February 10, 2017 | Written by: Vish Ganapathy
Categorized: Cognitive | Industry
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Though the retail industry is rapidly changing, one fact remains constant: the customer is king.
Some 35,000 attendees made their way to the National Retail Federation’s “Big Show” (NRF) at New York’s Javits Center last month for a first-hand look into the future of retail. Talk of digital transformation created buzz on and off the show floor.
Just south of the show at the IBM Bluemix Garage in Soho, some of the industry’s revolutionary leaders gathered for a roundtable discussion on how cloud and cognitive technologies are becoming an integral part of how retailers reach and meet shopper’s expectations.
Attendees included Staples CTO Faisal Masud; Shop Direct CIO Andy Wolfe; Retail Systems Research analyst Brian Kilcourse; Forbes retail and consumer trends contributor Barbara Thau; The New Stack journalist Darryl Taft; IBM Bluemix Garages Worldwide Director Shawn Murray; IBM Blockchain program director Eileen Lowry; and Pace University clinical professor of management and Entrepreneurship Lab director Bruce Bachenheimer. The group took a close look at how retailers experiment with new ways to give customers what they want and drive that transformation using cloud and cognitive computing.
Consumers drive tech adoption
Retail is a famously reactive business; it’s slow to adopt new technologies and innovation. However, in today’s consumer-driven age, retailers must quicken their pace, often setting aside internal strategies to tune into consumers’ demands and adopt the technology necessary to keep up.
Yet that’s often not the case. The IBM 2017 Customer Experience Index study found that 84 percent of retail brands offered no in-store mobile services and 79 percent did not give associates the ability to access a customer’s account information via a mobile device. These are key services for a seamless customer experience.
Retailers must capture the attention of consumers armed with smartphones and tablets. They are comparing product prices and reading reviews on social networks all the time. The hyper-connected consumer is the new norm, and understanding and engaging with them in real time is essential.
What customers really want
While retailers are busy selling, customer expectations are changing by the second. Retail is now about providing high-quality, engaging experiences.. Forward-thinking retailers use cloud infrastructure and AI-powered innovations such as cognitive chatbots to amplify and augment, not replace, the core human element of retail.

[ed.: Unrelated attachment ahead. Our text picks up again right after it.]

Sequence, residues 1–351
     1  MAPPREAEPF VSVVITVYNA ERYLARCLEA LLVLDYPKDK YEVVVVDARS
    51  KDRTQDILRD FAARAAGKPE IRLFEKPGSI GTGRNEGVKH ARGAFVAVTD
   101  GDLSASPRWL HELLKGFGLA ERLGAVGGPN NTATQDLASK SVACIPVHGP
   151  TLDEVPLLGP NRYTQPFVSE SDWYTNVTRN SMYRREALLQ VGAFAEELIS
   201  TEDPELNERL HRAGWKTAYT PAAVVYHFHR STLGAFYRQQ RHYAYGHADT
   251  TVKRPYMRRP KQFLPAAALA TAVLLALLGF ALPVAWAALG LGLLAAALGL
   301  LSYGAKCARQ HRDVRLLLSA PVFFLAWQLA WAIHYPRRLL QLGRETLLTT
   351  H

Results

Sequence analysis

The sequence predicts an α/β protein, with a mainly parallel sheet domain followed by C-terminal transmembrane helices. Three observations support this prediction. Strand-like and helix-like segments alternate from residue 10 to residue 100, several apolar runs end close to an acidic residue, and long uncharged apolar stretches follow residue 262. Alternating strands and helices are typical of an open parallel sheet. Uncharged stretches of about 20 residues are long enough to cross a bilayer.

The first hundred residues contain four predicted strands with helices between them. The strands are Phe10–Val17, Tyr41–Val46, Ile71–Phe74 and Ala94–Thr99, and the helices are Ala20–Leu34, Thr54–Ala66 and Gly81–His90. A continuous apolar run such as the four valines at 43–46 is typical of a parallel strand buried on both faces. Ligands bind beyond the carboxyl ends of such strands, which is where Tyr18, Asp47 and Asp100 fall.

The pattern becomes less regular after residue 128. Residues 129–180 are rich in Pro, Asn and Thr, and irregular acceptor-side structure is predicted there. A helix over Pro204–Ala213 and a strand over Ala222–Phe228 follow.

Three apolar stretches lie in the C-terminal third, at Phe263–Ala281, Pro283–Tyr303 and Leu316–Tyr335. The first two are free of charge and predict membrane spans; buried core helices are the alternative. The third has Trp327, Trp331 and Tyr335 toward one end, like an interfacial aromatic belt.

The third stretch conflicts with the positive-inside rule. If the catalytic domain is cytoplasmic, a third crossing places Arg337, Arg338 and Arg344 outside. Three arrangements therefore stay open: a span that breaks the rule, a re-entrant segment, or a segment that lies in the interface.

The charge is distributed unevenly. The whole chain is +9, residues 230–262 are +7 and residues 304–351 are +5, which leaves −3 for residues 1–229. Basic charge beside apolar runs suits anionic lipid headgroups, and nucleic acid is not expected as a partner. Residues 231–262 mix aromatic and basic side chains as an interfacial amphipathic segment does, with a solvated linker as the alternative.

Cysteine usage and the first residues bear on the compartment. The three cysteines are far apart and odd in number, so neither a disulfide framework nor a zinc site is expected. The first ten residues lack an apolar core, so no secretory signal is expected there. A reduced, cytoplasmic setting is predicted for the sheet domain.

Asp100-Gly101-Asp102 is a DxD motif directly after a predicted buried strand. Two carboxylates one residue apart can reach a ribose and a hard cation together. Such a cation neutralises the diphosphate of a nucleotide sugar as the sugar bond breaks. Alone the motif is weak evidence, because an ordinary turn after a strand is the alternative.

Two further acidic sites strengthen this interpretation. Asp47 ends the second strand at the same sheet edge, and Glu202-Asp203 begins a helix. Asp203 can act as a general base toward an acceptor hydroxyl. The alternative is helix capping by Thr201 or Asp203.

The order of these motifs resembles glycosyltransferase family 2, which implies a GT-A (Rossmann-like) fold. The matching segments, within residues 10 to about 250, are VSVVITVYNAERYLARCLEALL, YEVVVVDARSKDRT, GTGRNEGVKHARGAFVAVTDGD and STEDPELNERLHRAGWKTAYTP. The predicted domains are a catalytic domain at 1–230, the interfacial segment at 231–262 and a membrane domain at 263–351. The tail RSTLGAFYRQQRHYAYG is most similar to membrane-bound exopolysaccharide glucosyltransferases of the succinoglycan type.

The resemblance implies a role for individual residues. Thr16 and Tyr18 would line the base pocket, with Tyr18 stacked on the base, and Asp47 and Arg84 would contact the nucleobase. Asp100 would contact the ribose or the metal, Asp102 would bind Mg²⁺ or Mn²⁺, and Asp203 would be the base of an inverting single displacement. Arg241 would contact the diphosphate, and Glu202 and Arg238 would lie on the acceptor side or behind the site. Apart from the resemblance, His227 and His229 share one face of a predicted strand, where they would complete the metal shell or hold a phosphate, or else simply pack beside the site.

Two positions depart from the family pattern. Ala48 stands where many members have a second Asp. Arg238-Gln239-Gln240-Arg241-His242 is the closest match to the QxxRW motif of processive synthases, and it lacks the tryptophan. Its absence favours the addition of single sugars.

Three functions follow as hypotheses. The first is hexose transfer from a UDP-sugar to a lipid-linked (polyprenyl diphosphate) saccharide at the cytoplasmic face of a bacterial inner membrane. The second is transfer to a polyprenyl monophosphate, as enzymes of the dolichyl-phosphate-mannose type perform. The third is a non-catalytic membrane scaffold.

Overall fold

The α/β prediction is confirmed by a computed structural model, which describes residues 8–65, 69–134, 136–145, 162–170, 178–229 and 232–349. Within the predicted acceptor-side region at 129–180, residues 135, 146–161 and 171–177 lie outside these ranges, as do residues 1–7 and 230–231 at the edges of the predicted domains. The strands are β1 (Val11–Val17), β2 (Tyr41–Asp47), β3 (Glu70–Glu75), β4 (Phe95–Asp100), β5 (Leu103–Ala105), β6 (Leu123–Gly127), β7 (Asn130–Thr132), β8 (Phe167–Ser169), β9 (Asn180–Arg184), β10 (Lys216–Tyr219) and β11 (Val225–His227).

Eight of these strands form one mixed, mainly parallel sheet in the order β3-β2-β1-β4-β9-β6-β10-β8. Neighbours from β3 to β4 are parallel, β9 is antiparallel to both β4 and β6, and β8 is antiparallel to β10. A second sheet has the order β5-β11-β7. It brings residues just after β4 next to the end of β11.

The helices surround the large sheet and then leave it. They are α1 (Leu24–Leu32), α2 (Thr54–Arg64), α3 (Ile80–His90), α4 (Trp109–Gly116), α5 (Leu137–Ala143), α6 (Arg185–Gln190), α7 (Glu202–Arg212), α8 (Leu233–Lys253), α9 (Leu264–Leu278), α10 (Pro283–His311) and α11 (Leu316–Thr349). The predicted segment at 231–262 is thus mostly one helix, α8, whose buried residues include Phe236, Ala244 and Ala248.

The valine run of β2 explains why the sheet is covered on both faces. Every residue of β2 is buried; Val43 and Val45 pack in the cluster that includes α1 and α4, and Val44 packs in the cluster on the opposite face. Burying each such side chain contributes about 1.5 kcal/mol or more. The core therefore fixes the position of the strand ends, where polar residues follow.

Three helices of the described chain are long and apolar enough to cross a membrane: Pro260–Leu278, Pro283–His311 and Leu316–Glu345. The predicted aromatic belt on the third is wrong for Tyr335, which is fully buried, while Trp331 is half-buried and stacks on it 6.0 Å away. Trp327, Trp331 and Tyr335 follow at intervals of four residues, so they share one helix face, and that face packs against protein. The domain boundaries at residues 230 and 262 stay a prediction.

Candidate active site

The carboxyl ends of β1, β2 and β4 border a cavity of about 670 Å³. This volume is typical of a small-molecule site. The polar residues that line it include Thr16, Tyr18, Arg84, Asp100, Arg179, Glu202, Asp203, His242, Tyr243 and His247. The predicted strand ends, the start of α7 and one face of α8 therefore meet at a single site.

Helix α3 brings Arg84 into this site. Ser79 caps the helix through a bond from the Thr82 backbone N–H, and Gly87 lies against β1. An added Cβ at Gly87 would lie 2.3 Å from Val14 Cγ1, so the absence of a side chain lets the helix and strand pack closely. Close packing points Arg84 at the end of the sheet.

For example, for a retail recommendations strategy, Masud said that Watson Conversation on IBM Cloud helped Staples discover a gap between what the company assumed customers wanted and what they actually wanted. When Staples worked with IBM to develop its “Easy Button” virtual assistant, Masud said, “We thought we would just be making recommendations for more office supplies based on their purchases.”
What Staples found was that customers were also seeking solutions to help track administrative details in their office. “They wanted us to remember things for them like the catering company they used or the name of the person who signs for the delivery,” Masud said.
A cloud-powered, cognitive technology solution provides clear benefits for Staples. As it continues to learn customer orders and preferences, the office-supply-ordering tool continues to improve its predictive and order-recollection capability, making it more valuable to users for everyday tasks. Staples can bring the on-demand world to customers, allowing them to order anytime, anywhere and from any device.
“The one thing customers want is ease,” added Shop Direct CIO Andy Wolfe. He noted people want to easily shop online from whatever device or online channel they prefer. Shop Direct is the UK’s second largest pureplay digital retailer.
Retailers must have actionable insights derived from backend systems data such as supply chains, as well as the data that customers produce and share.
Shop Direct had a wealth of data, but needed to identify the most important information, which is why the company adopted IBM Watson and IBM Cloud. Shop Direct wanted to better understand customers and run its business more efficiently to meet shoppers’ needs.
Wolfe and his team were able to use the power of cloud and cognitive to mine and understand data, turning it into a resource to personalize the company’s retail product offerings and make brands even more affordable for customers.
The future of retail and technology
“There will always be retail,” said Brian Kilcourse, analyst at Retail Systems Research. “It will just be different.”
The nature of shopping is evolving from a purposeful trip to a store or a website toward the “ubiquitous shopping era”: shopping everywhere, by any means, all the time. This has created a significant challenge for retailers to create an operationally sustainable and engaging experience that inspires loyalty as customers hop from store to web to mobile to social and back again.
That’s where cognitive and cloud comes into play. Retailers can harness the power of data from their business and their customers to better personalize, contextualize and understand who customers are and offer them the products they want when they want them.
Timing and convenience are key for customers now. Cloud and cognitive technologies enable brands to authentically connect with consumers in an agile and scalable way. Cloud is no longer an IT trend. With apps, chatbots and new ways to reach customers, it is the platform keeping retailers available to consumers and in business.
Learn more about IBM Cloud retail solutions.